Delsie Howard has been homeless off and on for the past 10 years and spends his nights here at the Salvation Army in Monroe.
Yet, on August 26th he will have to find a new place to sleep when the shelter closes its doors.
“I don’t know, it’s going to be tough,” Howard said.
Salvation Army officials said they can’t afford to run the shelter any longer.
About six employees will also lose their jobs.
“We gave the current officers kind of every chance to turn things around, to gain community support and right the ship financially and that hasn’t happened,” Salvation Army Spokesperson Jon Kalahar said.
Right now the facility is the only overnight shelter in the area.
Last year, it provided a safe place to stay for men, women and children with no other options, for more than 12,000 stays.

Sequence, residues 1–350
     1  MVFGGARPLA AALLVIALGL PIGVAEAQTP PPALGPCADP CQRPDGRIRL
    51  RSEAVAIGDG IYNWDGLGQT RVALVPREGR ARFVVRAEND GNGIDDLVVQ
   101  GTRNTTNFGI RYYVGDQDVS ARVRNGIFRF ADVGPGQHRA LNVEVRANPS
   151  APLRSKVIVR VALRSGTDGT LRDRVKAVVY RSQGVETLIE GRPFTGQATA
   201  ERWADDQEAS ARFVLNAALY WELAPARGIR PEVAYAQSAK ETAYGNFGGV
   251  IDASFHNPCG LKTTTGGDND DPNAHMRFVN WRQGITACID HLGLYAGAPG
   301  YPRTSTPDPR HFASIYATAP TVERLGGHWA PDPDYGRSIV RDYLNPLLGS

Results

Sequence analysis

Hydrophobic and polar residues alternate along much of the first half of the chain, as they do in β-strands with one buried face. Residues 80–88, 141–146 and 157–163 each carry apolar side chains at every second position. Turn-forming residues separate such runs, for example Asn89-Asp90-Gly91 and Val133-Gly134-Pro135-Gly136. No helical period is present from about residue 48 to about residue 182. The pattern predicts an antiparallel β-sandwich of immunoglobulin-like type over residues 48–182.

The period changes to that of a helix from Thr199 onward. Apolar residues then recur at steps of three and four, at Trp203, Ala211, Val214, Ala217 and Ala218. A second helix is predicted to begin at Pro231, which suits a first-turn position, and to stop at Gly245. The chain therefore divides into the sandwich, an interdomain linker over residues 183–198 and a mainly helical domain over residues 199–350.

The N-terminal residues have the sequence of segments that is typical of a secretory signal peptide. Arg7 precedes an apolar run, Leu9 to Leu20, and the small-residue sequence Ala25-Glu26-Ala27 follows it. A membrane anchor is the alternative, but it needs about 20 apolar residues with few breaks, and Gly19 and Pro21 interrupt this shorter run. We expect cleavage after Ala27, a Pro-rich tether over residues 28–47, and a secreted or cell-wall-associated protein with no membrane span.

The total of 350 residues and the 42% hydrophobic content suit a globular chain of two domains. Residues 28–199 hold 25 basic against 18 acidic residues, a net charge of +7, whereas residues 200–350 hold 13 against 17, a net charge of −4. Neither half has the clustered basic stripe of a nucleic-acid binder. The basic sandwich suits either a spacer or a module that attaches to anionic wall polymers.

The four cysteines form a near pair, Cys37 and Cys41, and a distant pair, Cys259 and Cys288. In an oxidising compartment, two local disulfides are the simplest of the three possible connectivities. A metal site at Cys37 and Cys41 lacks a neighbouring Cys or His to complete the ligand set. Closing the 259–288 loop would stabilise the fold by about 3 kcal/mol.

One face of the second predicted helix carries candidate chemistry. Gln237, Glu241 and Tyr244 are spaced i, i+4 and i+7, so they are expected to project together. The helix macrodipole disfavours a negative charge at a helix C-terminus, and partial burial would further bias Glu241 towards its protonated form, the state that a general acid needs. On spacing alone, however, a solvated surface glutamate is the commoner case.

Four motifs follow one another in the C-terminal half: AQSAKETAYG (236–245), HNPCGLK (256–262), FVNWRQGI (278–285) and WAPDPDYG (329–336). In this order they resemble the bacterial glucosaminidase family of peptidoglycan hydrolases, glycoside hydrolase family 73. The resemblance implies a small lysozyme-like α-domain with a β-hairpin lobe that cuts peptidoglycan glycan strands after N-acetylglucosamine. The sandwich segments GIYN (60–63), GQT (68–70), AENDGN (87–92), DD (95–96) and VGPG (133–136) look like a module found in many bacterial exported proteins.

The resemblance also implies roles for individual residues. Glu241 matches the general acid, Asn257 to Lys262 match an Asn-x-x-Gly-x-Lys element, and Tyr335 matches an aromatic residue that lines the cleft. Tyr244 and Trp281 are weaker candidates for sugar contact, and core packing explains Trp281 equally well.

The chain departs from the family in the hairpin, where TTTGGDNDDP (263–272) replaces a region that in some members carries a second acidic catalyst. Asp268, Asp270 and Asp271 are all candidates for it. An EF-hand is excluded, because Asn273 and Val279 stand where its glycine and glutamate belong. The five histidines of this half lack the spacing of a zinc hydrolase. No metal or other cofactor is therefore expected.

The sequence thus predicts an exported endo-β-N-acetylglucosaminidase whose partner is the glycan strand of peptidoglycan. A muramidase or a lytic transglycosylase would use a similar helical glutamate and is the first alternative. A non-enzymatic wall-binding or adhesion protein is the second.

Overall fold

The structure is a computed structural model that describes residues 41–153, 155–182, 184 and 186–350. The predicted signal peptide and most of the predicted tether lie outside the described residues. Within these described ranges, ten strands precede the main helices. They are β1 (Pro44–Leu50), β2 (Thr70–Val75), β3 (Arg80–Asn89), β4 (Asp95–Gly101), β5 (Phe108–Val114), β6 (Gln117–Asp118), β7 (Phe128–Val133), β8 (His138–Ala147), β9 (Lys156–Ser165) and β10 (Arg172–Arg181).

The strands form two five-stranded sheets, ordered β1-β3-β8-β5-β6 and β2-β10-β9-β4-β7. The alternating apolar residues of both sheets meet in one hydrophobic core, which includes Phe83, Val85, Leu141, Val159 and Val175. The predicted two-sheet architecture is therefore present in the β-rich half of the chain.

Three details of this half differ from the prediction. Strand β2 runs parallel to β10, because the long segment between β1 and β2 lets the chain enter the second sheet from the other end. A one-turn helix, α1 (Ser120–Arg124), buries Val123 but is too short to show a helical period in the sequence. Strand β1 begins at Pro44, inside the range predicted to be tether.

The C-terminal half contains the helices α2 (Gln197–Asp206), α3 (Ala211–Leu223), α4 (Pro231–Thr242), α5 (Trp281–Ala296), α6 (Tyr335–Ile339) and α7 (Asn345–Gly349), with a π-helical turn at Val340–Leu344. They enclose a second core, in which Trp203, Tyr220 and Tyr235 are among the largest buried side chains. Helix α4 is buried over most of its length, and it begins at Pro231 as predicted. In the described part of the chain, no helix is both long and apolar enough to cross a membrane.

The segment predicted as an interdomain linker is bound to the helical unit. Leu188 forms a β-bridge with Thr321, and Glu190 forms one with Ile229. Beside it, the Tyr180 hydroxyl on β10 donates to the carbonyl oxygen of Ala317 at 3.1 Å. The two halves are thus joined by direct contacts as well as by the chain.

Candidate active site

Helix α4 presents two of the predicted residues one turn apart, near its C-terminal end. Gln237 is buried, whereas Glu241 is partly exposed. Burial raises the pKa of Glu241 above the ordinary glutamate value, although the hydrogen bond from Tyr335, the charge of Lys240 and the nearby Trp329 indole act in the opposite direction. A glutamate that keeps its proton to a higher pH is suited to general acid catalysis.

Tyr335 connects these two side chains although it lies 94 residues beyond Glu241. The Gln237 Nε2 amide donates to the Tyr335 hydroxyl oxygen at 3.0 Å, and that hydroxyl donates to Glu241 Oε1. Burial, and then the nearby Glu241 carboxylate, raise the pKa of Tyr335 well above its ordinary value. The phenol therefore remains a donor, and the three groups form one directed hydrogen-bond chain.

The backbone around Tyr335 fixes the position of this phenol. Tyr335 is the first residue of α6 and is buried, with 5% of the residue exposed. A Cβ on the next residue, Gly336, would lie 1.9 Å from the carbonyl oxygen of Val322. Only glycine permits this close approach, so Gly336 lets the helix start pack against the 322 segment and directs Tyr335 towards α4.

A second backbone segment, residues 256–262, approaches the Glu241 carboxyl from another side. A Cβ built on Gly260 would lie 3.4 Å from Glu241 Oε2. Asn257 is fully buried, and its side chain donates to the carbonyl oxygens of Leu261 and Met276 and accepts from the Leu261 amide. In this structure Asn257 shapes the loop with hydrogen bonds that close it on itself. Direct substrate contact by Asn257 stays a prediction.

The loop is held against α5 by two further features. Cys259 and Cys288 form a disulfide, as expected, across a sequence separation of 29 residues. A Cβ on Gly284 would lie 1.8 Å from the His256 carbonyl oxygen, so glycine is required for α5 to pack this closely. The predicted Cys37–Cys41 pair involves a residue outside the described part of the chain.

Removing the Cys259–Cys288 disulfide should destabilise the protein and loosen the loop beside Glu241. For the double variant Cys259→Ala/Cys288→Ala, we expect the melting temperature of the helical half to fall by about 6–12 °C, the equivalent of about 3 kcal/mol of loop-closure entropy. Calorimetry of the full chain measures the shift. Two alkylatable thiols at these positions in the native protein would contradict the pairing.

“I’m not sure where they’ll go,” community member Casey Jo Crus said. “They’ll probably live on the streets.”
Officials said basic social services will continue to be served through their food pantry, utility assistance and service to seniors.
In the meantime, the daytime Desiard Street Shelter down the street is going to lend a helping hand.
“Hopefully the community… the faith based community will step up and assist us in providing temporary housing for those individuals,” Desiard Street Shelter program organizer Billy Varner said.
Howard hopes others will pitch in. If not, he believes many like him will suffer.
“Maybe they’ll build another shelter,” Howard said. “It’s imperative to this area.”
As of now, it’s unclear when the shelter will reopen.
Salvation Army officials said this will depend on whether or not they get the funding to do this.